Wednesday, November 4, 2009
Convention Center, Exhibit Hall BC, Second Floor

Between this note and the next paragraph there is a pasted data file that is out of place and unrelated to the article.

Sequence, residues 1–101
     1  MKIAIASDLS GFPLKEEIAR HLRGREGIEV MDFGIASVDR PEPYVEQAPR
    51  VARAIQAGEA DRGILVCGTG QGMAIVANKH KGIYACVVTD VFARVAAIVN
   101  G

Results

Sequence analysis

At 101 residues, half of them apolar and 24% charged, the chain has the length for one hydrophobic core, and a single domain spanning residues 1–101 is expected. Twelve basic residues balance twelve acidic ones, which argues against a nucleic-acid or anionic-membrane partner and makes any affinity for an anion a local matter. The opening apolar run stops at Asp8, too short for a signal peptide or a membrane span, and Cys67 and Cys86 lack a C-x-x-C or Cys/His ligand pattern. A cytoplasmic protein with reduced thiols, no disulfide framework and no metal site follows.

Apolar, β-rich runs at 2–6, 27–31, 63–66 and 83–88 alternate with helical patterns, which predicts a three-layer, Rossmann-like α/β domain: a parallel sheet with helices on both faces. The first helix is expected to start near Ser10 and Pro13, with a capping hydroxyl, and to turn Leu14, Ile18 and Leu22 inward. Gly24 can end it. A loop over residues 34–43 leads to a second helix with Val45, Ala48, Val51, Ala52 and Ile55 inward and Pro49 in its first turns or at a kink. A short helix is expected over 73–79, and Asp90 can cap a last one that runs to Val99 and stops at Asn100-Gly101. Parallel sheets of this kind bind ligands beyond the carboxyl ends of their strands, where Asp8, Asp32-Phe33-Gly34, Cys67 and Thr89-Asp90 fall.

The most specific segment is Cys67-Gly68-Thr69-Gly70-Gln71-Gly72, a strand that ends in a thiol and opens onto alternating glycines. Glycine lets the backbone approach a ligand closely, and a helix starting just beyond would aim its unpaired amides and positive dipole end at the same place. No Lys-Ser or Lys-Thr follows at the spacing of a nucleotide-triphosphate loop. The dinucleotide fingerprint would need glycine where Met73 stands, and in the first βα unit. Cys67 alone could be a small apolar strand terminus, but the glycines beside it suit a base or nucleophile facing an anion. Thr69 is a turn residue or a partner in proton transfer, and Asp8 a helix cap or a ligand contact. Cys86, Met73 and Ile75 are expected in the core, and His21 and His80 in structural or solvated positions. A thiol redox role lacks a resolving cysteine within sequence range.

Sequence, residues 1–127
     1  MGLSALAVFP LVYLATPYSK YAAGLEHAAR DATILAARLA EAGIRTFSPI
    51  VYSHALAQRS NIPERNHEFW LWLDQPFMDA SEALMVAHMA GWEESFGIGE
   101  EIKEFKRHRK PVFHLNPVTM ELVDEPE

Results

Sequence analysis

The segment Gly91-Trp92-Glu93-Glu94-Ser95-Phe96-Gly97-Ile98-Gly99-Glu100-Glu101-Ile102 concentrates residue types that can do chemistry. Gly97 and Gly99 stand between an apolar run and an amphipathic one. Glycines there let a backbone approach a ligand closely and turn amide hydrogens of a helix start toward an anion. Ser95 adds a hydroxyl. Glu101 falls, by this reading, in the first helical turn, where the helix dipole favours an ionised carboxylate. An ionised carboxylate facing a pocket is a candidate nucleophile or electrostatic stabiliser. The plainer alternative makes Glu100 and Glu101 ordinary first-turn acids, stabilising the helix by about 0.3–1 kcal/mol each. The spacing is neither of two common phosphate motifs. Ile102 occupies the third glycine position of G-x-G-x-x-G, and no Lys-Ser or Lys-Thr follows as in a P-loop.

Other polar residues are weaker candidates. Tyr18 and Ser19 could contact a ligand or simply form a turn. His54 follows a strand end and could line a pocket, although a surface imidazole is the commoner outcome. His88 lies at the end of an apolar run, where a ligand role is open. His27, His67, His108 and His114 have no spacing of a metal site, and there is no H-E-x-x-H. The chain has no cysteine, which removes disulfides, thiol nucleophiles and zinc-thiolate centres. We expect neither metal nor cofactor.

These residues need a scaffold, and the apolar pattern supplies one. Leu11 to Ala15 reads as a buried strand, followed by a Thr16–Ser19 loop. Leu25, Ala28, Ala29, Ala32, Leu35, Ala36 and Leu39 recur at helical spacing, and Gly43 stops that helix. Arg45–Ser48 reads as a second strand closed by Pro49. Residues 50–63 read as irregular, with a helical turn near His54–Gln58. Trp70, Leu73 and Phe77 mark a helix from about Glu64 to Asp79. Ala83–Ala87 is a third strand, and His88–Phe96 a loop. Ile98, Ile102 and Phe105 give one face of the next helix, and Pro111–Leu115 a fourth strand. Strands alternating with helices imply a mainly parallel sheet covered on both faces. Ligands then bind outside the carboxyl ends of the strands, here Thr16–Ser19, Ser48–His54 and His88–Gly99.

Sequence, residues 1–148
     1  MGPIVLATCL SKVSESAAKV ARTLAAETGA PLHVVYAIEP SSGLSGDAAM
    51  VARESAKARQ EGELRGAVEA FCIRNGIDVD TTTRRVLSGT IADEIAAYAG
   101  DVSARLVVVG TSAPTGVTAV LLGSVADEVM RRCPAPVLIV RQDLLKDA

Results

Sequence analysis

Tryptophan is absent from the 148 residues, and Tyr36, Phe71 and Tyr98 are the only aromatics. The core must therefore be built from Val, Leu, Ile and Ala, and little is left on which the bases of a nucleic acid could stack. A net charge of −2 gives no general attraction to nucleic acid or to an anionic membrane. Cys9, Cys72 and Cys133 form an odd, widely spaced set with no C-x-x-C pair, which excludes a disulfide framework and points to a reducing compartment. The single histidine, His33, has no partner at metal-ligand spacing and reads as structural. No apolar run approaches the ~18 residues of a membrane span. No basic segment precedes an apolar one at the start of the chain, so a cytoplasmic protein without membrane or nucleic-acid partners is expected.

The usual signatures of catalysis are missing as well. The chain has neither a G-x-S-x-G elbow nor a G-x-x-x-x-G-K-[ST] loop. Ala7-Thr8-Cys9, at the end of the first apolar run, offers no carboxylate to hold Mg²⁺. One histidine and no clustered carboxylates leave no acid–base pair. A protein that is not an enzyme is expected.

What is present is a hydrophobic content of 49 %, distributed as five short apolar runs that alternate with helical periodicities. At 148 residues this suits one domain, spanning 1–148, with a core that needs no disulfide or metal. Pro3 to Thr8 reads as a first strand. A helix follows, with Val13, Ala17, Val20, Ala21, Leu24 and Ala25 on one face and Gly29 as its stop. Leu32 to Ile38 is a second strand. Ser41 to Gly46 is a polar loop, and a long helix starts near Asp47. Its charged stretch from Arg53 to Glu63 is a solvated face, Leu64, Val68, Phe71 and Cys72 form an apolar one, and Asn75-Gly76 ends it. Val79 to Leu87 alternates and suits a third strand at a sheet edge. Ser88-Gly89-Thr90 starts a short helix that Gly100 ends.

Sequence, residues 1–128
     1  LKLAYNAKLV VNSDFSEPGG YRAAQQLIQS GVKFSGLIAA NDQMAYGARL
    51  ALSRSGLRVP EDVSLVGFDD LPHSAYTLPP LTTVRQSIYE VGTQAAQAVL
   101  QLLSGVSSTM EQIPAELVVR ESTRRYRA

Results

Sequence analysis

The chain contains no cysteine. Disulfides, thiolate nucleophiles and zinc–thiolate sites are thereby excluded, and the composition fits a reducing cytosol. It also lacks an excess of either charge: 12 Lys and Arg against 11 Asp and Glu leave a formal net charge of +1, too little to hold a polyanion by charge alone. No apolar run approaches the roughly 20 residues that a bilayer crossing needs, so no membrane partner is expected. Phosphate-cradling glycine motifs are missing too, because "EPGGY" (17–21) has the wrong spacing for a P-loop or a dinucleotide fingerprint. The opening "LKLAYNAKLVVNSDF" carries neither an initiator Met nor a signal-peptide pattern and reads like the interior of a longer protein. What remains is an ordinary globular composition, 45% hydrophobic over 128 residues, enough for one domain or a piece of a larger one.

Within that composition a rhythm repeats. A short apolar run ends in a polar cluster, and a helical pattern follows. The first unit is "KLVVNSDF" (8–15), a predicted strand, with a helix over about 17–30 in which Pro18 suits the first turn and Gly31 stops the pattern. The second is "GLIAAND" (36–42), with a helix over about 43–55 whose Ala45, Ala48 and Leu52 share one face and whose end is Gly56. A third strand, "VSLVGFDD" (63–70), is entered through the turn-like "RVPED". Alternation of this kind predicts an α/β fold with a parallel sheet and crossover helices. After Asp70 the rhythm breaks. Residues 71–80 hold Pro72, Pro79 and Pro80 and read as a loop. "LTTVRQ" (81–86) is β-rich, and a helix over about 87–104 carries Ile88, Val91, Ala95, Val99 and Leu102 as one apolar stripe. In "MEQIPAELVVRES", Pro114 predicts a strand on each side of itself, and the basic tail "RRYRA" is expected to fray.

Increases in fossil fuel prices have generated great interest in the use of forest biomass as a source of energy. In Maine, where forestry is a large component of the state’s economy, the shift to increased utilization of forest biomass raises questions about the long-term sustainability of forests. We parameterized the model REMSS for balsam fir to assess whether increases in forest biomass utilization over current levels could reduce long-term productivity. The REMSS model was parameterized with regional balsam fir data from the primary literature. Balsam fir monocultures of varying site indices at age 50 were generated and grown forward in the Northeast Variant of the Forest Vegetation Simulator (NE-FVS) to use as input data to REMSS. REMSS was run for each of four simulated silvicultural regimes: unmanaged, pre-commercial thinning only, commercial thinning only, and pre-commercial thinning followed by commercial thinning. Cumulative nutrient removal predicted by REMSS for each of these regimes were compared to empirical data in the literature and found to be similar. To assess the potential effects of increases in biomass removal to support bioenergy interests, an increase factor of 25% over the pre-commercial thinning/commercial thinning scenario model output was applied. The project is currently assessing nutrient cycling data for relevant forest types to compare with modeled output in order to determine if there are nutrient limitations of concern. More research into forest stand dynamics on a case by case basis is necessary to minimize reductions in site sustainability with increased removals of biomass.